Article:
On the circumstances which led to the present war, and on points arising therefrom, perhaps we have said enough: on those therefore attending its commencement we come now to speak.

LETTER XL

My Lord,

X5y the American war England had increased her debt above one hundredand twenty millions; but in losing that federal union into which as 1 have said her old connection with America might have been improved, she had not only, as before noticed, received a deep naval wound—but she had likewise lost that decided peacecommanding ascendant among the nations which the exercise on her part of justice and wisdom would have conferred upon her. Instead therefore of again seeking War, she ought to have guarded with the utmost forethought and prudence against its renewal; and taught by that recent stroke which had impaired the stamina of her real power and dominion, equally ought she to have strengthened and fortified herself, by removing every obstruction to the existence, and to the exercise of her own native energies, civil and military.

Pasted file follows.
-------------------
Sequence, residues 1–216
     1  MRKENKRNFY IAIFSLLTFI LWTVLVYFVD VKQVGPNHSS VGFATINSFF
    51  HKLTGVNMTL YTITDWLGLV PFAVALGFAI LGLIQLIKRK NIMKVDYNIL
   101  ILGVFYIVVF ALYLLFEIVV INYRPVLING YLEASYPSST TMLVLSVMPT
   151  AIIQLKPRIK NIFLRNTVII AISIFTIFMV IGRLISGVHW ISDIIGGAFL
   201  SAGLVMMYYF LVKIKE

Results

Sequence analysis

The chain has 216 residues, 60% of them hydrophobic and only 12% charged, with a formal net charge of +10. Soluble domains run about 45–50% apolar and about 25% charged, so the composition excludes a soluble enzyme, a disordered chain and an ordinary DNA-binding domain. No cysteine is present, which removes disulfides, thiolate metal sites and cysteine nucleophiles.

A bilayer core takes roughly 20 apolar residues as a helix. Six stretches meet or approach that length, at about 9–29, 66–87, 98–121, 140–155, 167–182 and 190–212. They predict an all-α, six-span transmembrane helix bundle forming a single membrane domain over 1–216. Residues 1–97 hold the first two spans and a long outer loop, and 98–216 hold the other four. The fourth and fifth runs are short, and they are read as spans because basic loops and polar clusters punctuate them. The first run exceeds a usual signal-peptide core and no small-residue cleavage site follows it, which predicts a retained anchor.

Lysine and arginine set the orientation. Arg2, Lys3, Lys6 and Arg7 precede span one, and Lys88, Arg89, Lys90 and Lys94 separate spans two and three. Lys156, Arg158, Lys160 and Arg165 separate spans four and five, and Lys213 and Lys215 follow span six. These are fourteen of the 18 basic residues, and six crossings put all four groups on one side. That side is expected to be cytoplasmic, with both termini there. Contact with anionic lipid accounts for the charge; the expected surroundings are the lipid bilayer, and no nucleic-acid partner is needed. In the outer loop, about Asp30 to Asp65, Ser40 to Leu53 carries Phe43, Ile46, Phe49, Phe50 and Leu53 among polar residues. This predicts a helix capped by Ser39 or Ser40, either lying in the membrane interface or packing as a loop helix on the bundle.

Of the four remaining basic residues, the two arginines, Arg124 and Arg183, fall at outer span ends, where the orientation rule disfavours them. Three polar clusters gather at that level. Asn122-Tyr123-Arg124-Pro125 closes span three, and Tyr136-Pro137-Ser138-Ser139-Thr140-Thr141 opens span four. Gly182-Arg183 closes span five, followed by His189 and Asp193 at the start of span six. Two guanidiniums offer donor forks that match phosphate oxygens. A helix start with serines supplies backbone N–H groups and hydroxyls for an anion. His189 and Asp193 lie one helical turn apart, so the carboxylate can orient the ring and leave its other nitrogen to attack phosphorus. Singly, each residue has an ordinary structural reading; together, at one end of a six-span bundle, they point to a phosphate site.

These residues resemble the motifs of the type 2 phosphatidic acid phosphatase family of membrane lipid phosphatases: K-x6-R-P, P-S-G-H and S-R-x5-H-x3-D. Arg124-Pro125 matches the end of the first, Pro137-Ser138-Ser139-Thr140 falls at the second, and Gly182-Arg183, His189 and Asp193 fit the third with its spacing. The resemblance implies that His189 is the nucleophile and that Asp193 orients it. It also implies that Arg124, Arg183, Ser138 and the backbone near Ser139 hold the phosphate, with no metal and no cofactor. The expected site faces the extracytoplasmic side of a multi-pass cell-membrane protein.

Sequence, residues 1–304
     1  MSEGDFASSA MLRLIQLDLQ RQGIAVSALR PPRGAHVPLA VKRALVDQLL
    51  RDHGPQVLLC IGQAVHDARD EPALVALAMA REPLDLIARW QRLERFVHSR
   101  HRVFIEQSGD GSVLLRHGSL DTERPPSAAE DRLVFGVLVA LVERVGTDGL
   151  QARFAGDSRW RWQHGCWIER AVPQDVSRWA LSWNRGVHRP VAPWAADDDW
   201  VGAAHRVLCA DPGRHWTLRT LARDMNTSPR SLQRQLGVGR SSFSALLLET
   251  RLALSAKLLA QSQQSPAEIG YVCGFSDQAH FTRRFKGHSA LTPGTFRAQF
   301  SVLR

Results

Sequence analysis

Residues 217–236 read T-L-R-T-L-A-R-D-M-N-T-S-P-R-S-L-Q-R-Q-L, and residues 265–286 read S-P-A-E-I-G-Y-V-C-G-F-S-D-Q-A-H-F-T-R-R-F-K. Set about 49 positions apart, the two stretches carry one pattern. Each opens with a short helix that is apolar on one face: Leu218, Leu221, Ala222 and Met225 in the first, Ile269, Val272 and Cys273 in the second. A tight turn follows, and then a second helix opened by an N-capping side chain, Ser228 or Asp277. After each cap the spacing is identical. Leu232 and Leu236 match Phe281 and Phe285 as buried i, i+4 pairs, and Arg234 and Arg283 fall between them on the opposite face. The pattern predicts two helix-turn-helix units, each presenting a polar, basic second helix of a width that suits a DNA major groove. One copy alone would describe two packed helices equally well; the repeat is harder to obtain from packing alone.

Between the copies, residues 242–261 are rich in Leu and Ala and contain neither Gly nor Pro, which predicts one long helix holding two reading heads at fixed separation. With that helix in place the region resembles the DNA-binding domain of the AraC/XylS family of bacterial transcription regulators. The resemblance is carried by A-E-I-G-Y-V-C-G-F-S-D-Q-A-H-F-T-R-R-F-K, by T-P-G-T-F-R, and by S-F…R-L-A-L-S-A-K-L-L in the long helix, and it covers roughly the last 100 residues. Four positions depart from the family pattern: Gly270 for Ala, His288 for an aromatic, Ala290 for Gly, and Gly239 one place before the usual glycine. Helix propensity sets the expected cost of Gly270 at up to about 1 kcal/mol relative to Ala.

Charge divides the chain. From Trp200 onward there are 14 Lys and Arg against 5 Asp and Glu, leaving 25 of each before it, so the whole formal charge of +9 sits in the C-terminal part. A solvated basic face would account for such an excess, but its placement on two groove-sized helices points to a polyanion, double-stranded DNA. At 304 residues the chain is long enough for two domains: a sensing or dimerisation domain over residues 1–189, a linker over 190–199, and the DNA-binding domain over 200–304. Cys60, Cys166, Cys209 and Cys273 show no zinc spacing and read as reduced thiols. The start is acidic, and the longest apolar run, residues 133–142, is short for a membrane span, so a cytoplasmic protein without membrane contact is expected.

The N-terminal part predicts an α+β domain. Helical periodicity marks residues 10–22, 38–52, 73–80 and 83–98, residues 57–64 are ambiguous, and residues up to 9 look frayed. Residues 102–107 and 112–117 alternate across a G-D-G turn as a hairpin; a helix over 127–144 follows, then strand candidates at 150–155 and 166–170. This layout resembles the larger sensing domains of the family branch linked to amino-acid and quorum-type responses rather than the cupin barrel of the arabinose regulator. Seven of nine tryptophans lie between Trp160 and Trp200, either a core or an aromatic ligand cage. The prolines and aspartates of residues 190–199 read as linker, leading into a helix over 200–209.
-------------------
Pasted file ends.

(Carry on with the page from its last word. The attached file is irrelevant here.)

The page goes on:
In place of the strength which in America had been lost, England's strength at home ought to have been improved. The representation of her people in parliament was gone to extreme decay; and, as for her true, genuine, proper, constitutional militia, known in the antient books, by the title of Posse Comitatus, it might be said, notwithstanding an Essay upon it, from the pen of the immortal Jones published in 1780, to have